From the Guardian:
Five years, ago film critic Roger Ebert wrote that video games were inherently inferior to film and literature. When questioned on this stance by one of the readers of his Chicago Sun-Times column he responded:
“To my knowledge, no one in or out of the field has ever been able to cite a game worthy of comparison with the great dramatists, poets, filmmakers, novelists and composers. That a game can aspire to artistic importance as a visual experience, I accept. But for most gamers, video games represent a loss of those precious hours we have available to make ourselves more cultured, civilized and empathetic.”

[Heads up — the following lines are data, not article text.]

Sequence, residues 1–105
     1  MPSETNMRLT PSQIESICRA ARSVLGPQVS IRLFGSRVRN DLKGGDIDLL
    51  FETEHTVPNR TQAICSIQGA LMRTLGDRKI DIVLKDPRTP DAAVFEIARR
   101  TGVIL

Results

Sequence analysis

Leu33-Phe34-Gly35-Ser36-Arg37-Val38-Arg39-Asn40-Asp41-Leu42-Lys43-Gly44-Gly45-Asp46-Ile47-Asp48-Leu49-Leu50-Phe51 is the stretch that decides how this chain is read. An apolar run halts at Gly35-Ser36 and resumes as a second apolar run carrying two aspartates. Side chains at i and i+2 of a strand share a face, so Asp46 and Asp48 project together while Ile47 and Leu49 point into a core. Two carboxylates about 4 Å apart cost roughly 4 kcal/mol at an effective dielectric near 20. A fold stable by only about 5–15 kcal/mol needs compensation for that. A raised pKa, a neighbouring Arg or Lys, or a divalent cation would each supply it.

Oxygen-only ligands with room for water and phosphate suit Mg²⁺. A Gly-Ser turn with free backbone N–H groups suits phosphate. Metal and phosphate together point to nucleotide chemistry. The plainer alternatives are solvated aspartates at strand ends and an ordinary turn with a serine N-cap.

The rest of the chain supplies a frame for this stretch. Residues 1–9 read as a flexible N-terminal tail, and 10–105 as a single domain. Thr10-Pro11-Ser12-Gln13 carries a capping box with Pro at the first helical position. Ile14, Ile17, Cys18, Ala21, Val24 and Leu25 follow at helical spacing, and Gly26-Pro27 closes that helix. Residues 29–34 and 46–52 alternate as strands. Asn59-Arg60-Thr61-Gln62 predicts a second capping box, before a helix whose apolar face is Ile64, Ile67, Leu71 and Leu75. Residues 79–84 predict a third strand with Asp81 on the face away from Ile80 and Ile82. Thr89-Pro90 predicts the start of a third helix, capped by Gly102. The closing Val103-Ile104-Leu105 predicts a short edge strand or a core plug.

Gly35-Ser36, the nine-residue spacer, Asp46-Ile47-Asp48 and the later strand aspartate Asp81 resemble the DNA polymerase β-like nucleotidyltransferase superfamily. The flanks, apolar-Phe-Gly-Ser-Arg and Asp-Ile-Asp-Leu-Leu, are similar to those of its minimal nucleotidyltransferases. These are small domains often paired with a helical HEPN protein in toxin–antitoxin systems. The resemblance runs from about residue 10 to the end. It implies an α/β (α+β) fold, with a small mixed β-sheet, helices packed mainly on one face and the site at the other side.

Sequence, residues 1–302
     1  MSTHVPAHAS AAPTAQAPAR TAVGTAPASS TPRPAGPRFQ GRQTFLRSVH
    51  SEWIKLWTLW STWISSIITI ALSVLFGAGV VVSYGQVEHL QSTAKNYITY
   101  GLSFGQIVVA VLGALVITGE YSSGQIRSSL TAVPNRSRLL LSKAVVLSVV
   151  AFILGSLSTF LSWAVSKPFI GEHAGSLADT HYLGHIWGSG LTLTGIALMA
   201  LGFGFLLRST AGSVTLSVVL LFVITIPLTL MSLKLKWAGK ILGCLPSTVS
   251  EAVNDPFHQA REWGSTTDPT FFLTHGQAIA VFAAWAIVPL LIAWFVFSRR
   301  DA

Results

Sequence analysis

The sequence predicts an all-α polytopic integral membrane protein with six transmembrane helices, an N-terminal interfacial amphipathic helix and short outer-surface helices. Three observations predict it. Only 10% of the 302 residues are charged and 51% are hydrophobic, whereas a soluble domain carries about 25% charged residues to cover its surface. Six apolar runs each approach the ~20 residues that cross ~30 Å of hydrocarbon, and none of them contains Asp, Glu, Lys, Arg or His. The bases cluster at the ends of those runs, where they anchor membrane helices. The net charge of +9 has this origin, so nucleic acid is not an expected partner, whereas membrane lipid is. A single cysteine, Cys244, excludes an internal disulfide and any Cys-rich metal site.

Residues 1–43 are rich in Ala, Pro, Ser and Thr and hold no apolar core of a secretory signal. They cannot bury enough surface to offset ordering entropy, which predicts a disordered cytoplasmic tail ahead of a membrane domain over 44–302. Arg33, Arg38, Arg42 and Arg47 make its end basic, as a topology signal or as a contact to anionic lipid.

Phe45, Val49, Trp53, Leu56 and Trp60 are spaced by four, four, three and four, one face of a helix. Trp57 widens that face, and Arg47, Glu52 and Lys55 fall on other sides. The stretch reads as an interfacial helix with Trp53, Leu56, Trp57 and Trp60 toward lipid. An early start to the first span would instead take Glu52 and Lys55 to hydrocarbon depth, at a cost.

His argument provoked a furious response from games writers, pundits and players, many of whom mistakingly understood his position to be generally anti-games – and therefore evil. Perhaps because of vociferous barrage his comments gave rise to, he has refused to clarify his position.
Until late last week, when he wrote a piece unambiguously entitled, Video games can never be art.
[Read more at the Guardian]